Page Menu

Why we should ‘recognise’ care homes through relational research

Site Menu


Why we should ‘recognise’ care homes through relational research

This blog is based on the paper: Toms, Green, Orrell and Verity (2020) Building relational research capacity in care homes in the covid-19 era: applying Recognition Theory to the research agenda.

Taking a theory-based relational approach to building research capacity could improve life in care homes. In this blog authors Stephanie Green, Dr Gill Toms, Prof Fiona Verity, Dr Alison Orrell of their recent open access paper explain why.

Tuesday 13th April 2021

Care homes matter because…

Anyone of us, our family members or our friends could reside in a care home in older age and often that is not a welcome prospect for many reasons. Because the prospect might be displeasing, we tend to put ‘care homes’ out of our mind. This doesn’t improve things: we suggest it keeps us all in the status quo. In the paper and this blog we argue that the care home community needs to be thought about more and supported by the wider community.

A theory-based approach

In our paper we presented Axel Honneth’s recognition theory. This theory says that people need to be visible, listened to and affirmed if they are to experience wellbeing. They need to be recognised and be a recogniser: it is a mutual process.

We can see in practice how Axel Honneth’s theory played out during the COVID-19 pandemic. Early on events in the UK highlighted how care homes were noticeably absent in the political debate. There was a call for the community to rally around and protect the NHS. Important as this was and still is, care homes went unrecognised. Many have argued that the lack of attention to care homes contributed to the high death rates.

There is now a ‘fight for recognition’ with more talk about care homes in the media and a high court challenge against the UK government on the grounds that they failed to protect the right to life of care home residents.

The research problem

The lack of relevant ‘evidence’ to inform practice and the lack of an infrastructure to quickly acquire evidence through research were two factors contributing to suffering in care homes during the pandemic.

The lack of research is arguably rooted in our collective failure to recognise the value of our care homes and invest in them. We have also often failed to find effective ways to do research in the complex world of care homes or to share the knowledge we gain from research in meaningful ways. So, whilst care regulators encourage research, historically there has not been the necessary support and investment.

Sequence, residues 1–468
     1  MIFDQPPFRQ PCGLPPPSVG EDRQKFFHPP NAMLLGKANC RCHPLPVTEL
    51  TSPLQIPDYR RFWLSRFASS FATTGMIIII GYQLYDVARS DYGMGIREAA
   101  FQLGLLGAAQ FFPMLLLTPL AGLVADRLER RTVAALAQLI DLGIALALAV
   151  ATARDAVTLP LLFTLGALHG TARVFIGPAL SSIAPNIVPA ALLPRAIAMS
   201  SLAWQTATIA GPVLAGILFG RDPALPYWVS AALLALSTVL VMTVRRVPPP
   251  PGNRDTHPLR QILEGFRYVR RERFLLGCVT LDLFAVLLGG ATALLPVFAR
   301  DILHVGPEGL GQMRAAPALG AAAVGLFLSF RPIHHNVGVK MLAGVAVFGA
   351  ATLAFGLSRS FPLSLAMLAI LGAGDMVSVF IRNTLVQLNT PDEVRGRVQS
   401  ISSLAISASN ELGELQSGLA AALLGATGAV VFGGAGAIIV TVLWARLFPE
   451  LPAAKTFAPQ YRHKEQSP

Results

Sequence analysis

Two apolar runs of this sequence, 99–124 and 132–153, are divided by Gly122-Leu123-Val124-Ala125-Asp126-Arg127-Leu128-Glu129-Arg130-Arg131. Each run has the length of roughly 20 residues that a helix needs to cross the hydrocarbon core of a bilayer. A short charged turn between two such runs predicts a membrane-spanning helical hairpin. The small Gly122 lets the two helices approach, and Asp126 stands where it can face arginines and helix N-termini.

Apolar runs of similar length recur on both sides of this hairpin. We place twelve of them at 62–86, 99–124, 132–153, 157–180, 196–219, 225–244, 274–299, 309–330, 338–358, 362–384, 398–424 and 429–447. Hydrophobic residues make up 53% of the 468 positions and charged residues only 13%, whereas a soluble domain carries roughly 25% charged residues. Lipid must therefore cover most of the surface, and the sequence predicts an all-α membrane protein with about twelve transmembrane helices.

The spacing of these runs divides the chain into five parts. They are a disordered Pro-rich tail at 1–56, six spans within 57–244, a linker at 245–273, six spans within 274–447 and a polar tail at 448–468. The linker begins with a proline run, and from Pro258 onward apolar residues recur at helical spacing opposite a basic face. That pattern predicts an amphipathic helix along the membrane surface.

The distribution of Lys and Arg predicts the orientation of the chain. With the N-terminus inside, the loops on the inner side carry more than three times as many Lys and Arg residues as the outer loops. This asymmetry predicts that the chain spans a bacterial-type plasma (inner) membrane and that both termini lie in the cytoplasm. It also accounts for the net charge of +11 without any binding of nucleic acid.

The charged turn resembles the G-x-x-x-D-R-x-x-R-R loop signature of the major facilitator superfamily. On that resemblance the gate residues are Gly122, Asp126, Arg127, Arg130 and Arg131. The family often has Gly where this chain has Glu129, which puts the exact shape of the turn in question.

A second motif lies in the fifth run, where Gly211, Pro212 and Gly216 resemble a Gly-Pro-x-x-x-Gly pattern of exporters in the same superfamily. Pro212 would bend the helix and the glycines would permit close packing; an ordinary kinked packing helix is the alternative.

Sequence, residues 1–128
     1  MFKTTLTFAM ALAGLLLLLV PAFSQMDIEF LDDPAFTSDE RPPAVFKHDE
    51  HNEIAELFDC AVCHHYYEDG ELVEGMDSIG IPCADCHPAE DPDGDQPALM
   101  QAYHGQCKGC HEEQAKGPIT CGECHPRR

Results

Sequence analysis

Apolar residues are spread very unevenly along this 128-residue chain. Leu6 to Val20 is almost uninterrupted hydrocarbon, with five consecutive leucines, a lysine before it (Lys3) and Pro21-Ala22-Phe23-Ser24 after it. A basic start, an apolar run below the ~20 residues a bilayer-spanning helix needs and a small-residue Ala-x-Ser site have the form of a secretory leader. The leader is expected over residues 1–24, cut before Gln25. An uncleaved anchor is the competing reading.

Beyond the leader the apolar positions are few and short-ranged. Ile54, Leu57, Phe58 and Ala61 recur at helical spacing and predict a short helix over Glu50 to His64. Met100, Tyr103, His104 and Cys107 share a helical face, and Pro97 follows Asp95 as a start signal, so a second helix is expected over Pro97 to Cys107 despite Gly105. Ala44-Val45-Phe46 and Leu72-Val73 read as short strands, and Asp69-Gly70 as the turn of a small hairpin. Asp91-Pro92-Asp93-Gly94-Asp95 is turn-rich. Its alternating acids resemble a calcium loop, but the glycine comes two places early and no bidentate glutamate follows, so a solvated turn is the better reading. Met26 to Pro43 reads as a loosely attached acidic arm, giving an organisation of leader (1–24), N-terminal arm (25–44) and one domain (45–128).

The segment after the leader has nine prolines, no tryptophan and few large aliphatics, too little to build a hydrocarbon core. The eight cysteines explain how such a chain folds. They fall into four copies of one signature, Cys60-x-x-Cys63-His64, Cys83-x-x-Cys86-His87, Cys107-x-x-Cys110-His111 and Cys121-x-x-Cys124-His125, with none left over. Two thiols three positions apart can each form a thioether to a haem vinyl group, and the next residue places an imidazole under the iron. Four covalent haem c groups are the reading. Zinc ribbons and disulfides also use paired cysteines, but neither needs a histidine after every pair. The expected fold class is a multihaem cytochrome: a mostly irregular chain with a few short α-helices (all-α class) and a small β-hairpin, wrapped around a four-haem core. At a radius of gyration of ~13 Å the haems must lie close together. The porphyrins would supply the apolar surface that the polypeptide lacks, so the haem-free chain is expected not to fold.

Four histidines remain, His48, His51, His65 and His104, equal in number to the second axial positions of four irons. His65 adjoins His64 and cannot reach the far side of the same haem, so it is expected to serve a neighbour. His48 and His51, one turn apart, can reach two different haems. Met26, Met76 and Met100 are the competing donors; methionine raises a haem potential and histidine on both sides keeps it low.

The evidence that building capacity in relational research makes a difference

One way that people who live and work in care homes can be ‘recognised’ is through research that responds to their needs, questions, and priorities. To make sure this type of research happens we need to develop better relationships between care homes and researchers. We also need to support everyone in the care home sector (providers, staff, residents, and their families) to inform the research agenda.

We champion this approach because:

  • The Enabling Research in Care Homes (ENRICH) network in England and Wales (ENRICH Cymru), which supports a bottom-up research agenda and supports relationships between care homes and researchers, has had positive effects on the research being conducted.


  • The NIHR Academic Research Collaboration network has developed an online platform for care homes to pose their most pressing questions, which the network will then try and answer through reviewing existing evidence. This has been warmly welcomed, especially throughout the COVID-19 pandemic.


  • People who are experts because of their lived experience are increasingly driving change. For instance, older people living in care homes are helping to develop care home relevant policies in Wales (Older People’s Commissioner Wales).

Relational research capacity building is not a quick fix. Neither is it the only change that is needed. However, it has considerable potential.

Take-home message

The rights and wellbeing of care home residents have received more attention than ever in recent months. Covid-19 and social distancing regulations have changed life in care homes and we urgently need research to inform new ways of working.

To conclude

Realising the potential of research could lead to care homes becoming something we recognise and celebrate, rather than avoid thinking about. The recognition this would give really could make a difference to our lives and those of people we love, now and into the future.


This blog is based on the paper: Toms, Green, Orrell and Verity (2020) Building relational research capacity in care homes in the covid-19 era: applying Recognition Theory to the research agenda. Quality in Ageing and Older Adults, 21 (4) doi: 10.1108/QAOA-09-2020-0042 (Open access until 11th April 2021)


About ENRICH Cymru


The ENRICH Cymru network is now co-hosted by a collaboration between the Centre for Ageing and Dementia Research and the Health and Care Research Wales Support and Delivery Centre. For more information about the network and joining please visit the Health and Care Research Wales website.


If you are interested in joining the ENRICH Cymru network in Wales, you can also contact one of the team.


Sondra Butterworth (ENRICH Cymru Research Facilitator)

Emma Richards (ENRICH Cymru Research Facilitator)